The two biggest independent gospel recording labels in the world – Blacksmoke Music Worldwide and Tyscot Records – with over 75 years of shared history – are coming together for the first time on Sunday, July 12 @ 7 PM ET/ 6 PM CT for a special YouTube live event of candid conversation about the ups and many downs of being an indie, classic music, and dynamic performances entitled, Trust in You.
Instead of a Versus battle, this will be a celebration of the labels’ rich music catalogues. There will be tracks like Blacksmoke’s “I Trust You” by the Grammy® Award nominated group, James Fortune & FIYA, which spent 29 weeks at No. 1 on Billboard’s Gospel Airplay chart. Or like Tyscot’s “Trust in You” by Grammy® Award nominated act, Anthony Brown & group therAPy, which peaked at No. 3 and spent 53 weeks – an entire year and a week – on the Billboard Gospel Airplay chart.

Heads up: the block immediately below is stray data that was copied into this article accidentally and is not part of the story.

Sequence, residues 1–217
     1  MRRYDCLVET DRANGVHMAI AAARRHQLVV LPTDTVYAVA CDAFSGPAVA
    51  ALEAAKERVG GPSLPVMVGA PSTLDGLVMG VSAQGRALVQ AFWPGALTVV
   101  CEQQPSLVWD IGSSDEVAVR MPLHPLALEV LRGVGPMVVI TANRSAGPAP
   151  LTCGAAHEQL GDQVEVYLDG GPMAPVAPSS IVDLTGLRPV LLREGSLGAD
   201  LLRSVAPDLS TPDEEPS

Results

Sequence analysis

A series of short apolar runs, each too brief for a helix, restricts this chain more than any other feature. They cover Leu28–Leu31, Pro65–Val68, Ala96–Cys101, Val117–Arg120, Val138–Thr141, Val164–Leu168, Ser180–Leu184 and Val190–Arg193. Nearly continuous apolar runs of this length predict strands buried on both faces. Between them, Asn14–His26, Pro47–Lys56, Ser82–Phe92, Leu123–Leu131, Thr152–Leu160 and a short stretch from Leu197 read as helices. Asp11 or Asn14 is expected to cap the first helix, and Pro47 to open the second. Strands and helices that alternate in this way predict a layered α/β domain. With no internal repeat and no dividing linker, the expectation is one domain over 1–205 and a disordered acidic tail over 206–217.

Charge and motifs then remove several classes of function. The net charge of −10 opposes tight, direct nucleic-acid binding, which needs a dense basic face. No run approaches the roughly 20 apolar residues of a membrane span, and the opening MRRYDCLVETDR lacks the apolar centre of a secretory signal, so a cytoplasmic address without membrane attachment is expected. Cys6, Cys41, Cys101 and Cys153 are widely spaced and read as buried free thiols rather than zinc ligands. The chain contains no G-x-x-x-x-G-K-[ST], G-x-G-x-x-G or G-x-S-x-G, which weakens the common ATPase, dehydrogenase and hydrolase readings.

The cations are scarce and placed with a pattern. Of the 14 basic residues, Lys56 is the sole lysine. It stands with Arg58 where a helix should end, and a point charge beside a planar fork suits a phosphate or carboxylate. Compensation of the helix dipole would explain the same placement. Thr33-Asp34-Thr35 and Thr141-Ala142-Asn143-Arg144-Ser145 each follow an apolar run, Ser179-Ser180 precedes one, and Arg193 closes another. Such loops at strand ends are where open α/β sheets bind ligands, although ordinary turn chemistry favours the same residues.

Blacksmoke CEO Kerry Douglas is the charismatic former car salesman who pushed unknown artists such as James Fortune, Earnest Pugh, Pastor Mike, Keith Wonderboy Johnson and Zacardi Cortez to the top of various Billboard charts. Tyscot’s CEO Bryant Scott is the suited and seasoned executive who supervised the ascent of John P. Kee, Anthony Brown & group therAPy, VaShawn Mitchell, Casey J, Bri Babineaux and Deitrick Haddon to the top of their respective gospel genres.
“This is a history making event,” says Douglas. ”#BlackMusicMatters. It really does. Historically, Gospel is the foundation for so much music. We’re going to share music past and present. The 2 largest black-owned gospel record labels in the world are coming together as one to share the secrets to our mutual successes. We’re going to show everybody how we did it. How we went from independents in the cassette era to making major moves in the music industry in the digital era.”
Between the two companies, there are hundreds of millions of streams, a score of number one hits, a dozen A-List gospel stars and they are still grinding. “We didn’t want to do a battle,” says Scott. “There’s so much unrest in the country because of racial tensions and the coronavirus, so we didn’t want to create another thing to create division. We wanted to show unity in the gospel music industry.”